Dismiss Notice
Join Physics Forums Today!
The friendliest, high quality science and math community on the planet! Everyone who loves science is here!

Homework Help: Tan x-intercepts

  1. Aug 7, 2005 #1
    the tan graph is in the form y=atan(b(x-c))+d how do you determine the "EXACT" x-intercept of this graph in radian form when the d value does not equal 0 and is there a formula for finding the x-intercept when given the equation in the form above using the values of a,b,c and d which control the vertical/horizontal stretch/shift
    Last edited: Aug 7, 2005
  2. jcsd
  3. Aug 7, 2005 #2
    same way you get the zeros for any function: let y=0.
  4. Aug 7, 2005 #3
    whoops i need to edit it i mean as an exact value in radian form like pi/2 for example
  5. Aug 7, 2005 #4
    well, in general, your answer is just going to have to be left in terms of arctangents, multiplied by some factor and then added to by another factor.

    neat answers like pi/2 only come up only in special situations, unfortunately!
  6. Aug 7, 2005 #5
    and my mom is NOT 98! :mad:

  7. Aug 8, 2005 #6
    okay so there are not going to be neat answers so is my only way to get a estimated answer in radian to graph it using a calculator and then trace the zeros? or is there a way to determine it without graphing?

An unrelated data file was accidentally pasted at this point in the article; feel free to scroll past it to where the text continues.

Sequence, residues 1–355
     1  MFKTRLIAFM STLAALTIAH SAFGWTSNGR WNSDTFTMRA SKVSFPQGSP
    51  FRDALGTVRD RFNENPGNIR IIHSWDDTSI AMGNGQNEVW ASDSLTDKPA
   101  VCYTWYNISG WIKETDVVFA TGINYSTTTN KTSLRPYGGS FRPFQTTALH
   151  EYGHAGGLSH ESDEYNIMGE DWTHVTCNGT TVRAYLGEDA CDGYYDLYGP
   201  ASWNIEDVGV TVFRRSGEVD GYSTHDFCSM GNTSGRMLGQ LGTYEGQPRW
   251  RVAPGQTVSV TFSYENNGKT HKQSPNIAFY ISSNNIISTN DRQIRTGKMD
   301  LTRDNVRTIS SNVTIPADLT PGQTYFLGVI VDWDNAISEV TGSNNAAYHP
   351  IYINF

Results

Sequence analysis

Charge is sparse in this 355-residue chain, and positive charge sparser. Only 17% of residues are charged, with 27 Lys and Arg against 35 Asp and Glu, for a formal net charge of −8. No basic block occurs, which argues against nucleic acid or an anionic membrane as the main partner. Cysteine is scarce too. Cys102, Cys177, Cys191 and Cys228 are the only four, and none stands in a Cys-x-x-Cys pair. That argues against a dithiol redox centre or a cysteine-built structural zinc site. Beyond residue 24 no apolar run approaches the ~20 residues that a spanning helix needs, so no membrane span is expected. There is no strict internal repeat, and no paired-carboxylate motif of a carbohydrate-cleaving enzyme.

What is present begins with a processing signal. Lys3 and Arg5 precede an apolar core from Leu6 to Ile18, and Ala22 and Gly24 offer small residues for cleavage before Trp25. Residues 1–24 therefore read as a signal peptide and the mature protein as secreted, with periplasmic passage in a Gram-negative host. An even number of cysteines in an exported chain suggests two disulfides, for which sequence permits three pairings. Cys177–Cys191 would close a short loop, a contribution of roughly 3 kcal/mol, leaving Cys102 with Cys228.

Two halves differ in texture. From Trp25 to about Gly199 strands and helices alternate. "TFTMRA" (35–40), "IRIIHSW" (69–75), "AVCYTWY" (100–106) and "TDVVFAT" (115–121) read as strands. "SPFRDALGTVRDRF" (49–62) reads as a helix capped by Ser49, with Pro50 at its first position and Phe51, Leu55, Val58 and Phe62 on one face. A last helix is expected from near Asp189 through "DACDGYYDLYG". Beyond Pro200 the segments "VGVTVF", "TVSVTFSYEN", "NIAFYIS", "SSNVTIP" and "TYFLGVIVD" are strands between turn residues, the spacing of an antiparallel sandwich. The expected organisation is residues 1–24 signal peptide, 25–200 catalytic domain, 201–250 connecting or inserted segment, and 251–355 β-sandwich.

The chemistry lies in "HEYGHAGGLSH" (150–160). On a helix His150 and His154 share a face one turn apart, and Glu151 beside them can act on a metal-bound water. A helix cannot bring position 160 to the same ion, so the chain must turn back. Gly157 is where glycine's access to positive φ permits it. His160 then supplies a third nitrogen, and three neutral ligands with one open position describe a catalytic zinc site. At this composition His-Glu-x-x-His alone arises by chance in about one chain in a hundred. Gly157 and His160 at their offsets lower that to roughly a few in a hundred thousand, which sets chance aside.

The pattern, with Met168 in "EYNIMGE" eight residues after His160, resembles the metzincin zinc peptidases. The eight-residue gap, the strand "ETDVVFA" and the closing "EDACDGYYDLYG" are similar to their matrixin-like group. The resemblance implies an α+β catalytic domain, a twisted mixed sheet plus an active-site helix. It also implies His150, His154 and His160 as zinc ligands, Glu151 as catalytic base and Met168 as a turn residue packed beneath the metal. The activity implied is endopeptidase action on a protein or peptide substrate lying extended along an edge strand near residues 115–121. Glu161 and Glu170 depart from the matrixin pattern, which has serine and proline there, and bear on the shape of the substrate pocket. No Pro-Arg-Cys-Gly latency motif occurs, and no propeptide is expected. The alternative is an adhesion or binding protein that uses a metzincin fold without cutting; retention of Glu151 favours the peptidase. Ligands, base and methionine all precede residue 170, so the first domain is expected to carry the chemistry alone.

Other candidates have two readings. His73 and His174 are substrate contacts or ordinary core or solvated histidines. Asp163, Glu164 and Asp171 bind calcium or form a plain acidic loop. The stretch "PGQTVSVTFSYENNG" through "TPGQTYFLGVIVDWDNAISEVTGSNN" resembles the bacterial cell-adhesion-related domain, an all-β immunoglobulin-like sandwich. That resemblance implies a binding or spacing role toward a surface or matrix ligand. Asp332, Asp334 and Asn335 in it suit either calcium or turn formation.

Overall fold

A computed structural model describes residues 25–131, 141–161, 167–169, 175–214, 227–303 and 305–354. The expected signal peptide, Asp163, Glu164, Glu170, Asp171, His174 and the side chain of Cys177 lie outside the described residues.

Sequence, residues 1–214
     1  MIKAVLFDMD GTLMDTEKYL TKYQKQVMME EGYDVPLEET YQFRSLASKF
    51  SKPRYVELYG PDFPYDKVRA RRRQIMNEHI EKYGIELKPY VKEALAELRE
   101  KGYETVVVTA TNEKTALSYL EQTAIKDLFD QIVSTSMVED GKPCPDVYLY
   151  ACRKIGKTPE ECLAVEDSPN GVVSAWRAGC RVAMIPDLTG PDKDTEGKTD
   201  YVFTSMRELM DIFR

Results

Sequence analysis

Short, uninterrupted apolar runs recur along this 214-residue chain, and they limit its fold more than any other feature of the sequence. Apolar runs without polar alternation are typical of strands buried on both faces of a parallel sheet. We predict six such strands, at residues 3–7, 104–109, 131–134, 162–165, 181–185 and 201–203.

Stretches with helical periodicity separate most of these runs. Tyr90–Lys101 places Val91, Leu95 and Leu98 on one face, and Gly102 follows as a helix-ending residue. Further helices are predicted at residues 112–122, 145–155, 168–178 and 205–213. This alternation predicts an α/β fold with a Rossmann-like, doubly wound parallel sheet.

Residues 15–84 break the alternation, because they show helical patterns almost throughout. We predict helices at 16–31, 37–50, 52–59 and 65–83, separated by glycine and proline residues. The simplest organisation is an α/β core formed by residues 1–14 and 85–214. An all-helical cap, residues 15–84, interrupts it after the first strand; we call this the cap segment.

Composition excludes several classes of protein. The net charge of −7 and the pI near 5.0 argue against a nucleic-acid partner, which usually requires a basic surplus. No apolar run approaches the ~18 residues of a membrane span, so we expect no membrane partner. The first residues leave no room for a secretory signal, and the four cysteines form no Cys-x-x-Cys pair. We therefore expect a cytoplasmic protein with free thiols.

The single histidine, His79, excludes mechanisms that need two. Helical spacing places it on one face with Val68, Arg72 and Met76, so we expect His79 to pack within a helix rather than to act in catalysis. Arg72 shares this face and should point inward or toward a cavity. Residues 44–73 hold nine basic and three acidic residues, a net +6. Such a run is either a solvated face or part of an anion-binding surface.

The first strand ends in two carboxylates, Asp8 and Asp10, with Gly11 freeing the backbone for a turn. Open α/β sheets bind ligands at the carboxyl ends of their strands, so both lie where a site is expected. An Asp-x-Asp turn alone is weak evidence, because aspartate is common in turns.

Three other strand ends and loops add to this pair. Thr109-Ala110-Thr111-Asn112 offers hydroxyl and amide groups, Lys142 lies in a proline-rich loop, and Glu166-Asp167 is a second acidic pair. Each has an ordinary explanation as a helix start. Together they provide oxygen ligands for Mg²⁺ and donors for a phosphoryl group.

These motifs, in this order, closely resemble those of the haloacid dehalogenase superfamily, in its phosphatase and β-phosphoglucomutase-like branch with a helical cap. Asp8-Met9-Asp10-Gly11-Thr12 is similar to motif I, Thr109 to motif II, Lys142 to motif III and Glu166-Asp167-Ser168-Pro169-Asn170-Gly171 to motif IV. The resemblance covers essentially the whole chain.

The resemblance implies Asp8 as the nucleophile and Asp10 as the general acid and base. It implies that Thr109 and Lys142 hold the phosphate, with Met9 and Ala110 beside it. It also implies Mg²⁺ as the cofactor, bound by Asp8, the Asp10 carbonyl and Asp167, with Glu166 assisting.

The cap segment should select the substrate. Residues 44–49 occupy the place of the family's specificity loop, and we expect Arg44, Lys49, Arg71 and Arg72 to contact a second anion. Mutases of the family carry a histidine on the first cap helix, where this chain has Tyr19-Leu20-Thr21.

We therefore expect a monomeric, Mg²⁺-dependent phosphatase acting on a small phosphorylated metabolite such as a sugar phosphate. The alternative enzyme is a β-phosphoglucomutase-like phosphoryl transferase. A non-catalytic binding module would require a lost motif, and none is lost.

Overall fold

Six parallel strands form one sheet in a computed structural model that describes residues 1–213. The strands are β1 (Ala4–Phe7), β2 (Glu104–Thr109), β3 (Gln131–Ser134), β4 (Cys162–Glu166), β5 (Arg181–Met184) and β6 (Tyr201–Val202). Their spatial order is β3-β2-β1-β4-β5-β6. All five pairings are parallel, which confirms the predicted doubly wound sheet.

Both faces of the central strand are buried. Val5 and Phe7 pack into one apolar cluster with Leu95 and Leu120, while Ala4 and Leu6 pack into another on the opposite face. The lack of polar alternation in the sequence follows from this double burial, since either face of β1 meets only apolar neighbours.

8. Aug 8, 2005 #7


    User Avatar

    Staff: Mentor

    You need to take the equation

    [tex]\arctan (b (x - c)) + d = 0[/tex]

    and solve it for [itex]x[/itex], that is, rearrange it into the form

    [tex]x = something[/tex]

    Then plug in whatever values you have for [itex]b[/itex], [itex]c[/itex], and [itex]d[/itex]. Where do you get stuck when you try to do this?
  9. Aug 8, 2005 #8
    that wasn't his equation.

    it was a*tan(b(x-c) + d.

    "a" is a stretching/shrinking factor. (i guess it's that there are only two missing letters between atan and arctan and the fact that i mentioned arctan that led you to this.)
  10. Aug 8, 2005 #9
    some simple algebra says: [tex]x=\frac{\tan^{-1}(-\frac{d}{a})}{b}+c[/tex]
    Last edited: Aug 8, 2005
  11. Aug 8, 2005 #10
    "+c," right?
  12. Aug 8, 2005 #11


    User Avatar

    Staff: Mentor

    Oops. I've done too much computer programming in languages that call the arctangent function "atan". :blushing:
  13. Aug 8, 2005 #12
    yea it +c not -c so this gets me the so therefore i can now just like add or substract another period to this answer to get another x-intercept rite?

    thx everyone :smile:
  14. Aug 8, 2005 #13
    yea, oops. maybe i should proofread before i submit
Share this great discussion with others via Reddit, Google+, Twitter, or Facebook